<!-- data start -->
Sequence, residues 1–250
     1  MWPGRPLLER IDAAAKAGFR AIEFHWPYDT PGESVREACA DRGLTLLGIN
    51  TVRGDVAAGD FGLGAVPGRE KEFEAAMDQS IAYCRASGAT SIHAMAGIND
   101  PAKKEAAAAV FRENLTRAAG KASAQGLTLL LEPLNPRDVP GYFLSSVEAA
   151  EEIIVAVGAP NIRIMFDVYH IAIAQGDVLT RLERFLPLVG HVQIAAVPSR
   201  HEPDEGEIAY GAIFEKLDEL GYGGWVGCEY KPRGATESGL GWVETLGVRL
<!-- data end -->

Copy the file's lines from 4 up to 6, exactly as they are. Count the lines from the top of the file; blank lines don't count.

   101  PAKKEAAAAV FRENLTRAAG KASAQGLTLL LEPLNPRDVP GYFLSSVEAA
   151  EEIIVAVGAP NIRIMFDVYH IAIAQGDVLT RLERFLPLVG HVQIAAVPSR
   201  HEPDEGEIAY GAIFEKLDEL GYGGWVGCEY KPRGATESGL GWVETLGVRL